SAN FRANCISCO - An historic first in Major League Baseball happened right here in the Bay Area. For the first time ever, a woman coached on the field during a regular season game.
San Francisco Giants first base Alyssa Nakken will go down in the history books. For the first time in more than 145 years a woman took the field in an official capacity; inspiring a new generation of ballplayers and opening doors for a new generation in baseball.
It’s the kind of substitution that is usually routine in baseball. But when giants first-base coach Antoan Richardson was ejected in the third inning of Tuesday night's game against the Padres, Nakken made her regular-season on-field coaching debut.
For her part, Nakken was humble discussing the historic first, post-game. "I was prepared for this moment," said Nakken. "Never knew if or when it would happen, but was ready to step in if the team needed me to. So, yeah, I think it means a lot."
Before Nakken was on the baseline, she was at the University of San Francisco, taking part in the school’s sports management program. "She was a rock star in the classroom and she's clearly a rock star in her professional career as well," said Professor Nola Agha from USF. "She's an amazing person, a brilliant person, and clearly a very skilled coach."
Agha says Nakken's impact could be profound, creating opportunities for women in looking for a greater role in sports, and for teams looking for new talent pools. But, the biggest impact could be on a generation of girls who see Nakken on the baseline.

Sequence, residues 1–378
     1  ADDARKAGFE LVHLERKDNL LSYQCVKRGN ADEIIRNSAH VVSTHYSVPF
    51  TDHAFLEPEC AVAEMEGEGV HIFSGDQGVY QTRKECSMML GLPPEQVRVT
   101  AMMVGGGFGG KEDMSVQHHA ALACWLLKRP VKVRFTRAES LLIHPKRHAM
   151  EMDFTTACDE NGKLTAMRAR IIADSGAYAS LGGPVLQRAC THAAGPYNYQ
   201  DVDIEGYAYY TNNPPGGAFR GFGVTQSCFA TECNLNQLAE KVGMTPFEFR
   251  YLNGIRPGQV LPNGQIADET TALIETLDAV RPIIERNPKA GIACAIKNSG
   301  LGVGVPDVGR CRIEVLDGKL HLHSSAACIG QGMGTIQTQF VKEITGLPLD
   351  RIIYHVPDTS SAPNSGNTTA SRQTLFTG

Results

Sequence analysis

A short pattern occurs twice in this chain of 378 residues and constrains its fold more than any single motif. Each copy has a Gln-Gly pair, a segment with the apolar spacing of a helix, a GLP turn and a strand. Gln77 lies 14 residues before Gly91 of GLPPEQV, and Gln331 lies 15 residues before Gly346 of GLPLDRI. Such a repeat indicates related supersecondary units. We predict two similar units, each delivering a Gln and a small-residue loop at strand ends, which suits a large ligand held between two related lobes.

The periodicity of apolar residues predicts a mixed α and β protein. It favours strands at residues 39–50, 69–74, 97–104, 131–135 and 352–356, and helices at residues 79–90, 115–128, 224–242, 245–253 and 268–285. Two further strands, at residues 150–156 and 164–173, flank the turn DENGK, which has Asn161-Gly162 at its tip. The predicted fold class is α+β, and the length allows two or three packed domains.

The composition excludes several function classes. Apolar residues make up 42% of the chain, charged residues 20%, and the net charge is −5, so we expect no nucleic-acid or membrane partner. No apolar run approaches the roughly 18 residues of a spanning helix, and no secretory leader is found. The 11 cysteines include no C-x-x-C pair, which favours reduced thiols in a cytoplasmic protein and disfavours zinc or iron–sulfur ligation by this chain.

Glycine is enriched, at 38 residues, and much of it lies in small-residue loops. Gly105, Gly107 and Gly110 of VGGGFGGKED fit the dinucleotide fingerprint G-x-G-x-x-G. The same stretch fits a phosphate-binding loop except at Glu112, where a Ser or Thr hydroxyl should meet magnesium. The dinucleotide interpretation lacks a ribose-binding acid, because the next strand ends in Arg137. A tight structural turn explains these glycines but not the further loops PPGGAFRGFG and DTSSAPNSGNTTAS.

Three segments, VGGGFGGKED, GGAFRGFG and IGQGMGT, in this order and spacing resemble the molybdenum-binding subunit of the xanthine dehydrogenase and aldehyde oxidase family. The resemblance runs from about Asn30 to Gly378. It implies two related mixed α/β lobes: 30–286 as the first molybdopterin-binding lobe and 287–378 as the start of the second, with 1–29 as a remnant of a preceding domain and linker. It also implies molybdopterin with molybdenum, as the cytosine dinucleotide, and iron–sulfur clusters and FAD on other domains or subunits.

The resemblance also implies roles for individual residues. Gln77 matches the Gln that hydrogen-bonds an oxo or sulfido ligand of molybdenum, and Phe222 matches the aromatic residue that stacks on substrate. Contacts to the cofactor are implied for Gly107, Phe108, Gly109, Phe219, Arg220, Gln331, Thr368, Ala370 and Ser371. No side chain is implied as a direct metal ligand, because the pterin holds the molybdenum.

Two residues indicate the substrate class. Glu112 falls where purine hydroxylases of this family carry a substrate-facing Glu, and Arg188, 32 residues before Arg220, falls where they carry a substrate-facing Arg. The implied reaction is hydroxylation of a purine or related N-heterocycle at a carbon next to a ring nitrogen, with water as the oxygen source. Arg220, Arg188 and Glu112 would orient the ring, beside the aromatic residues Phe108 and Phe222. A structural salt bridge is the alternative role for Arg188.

"We know for a fact that everyone needs a role model, and when you can see someone that looks like you in a position you want to be in someday, it creates that mental pathway," said Agha.
Mia Hoskins said learning that Nakken has made it all the way to the MLB is an inspiration. "I feel so inspired, like I could do that, in other sports or really anything, "said Hoskins. "Like, become a powerful woman role model, just like her."
Her father says girls are seeing new role models breaking down barriers all the time. "You want to be able to look on the TV, whether it's ESPN or ABC News or FOX News of whatever, you want to see people that look like you; doing what you aspire to do," said Mikhail Hoskins. "That's in all fields."
Nakken didn't take the field today but was busy coaching behind the scenes. Remember that it was 75 years ago Jackie Robinson broke the color barrier, and changed the game forever.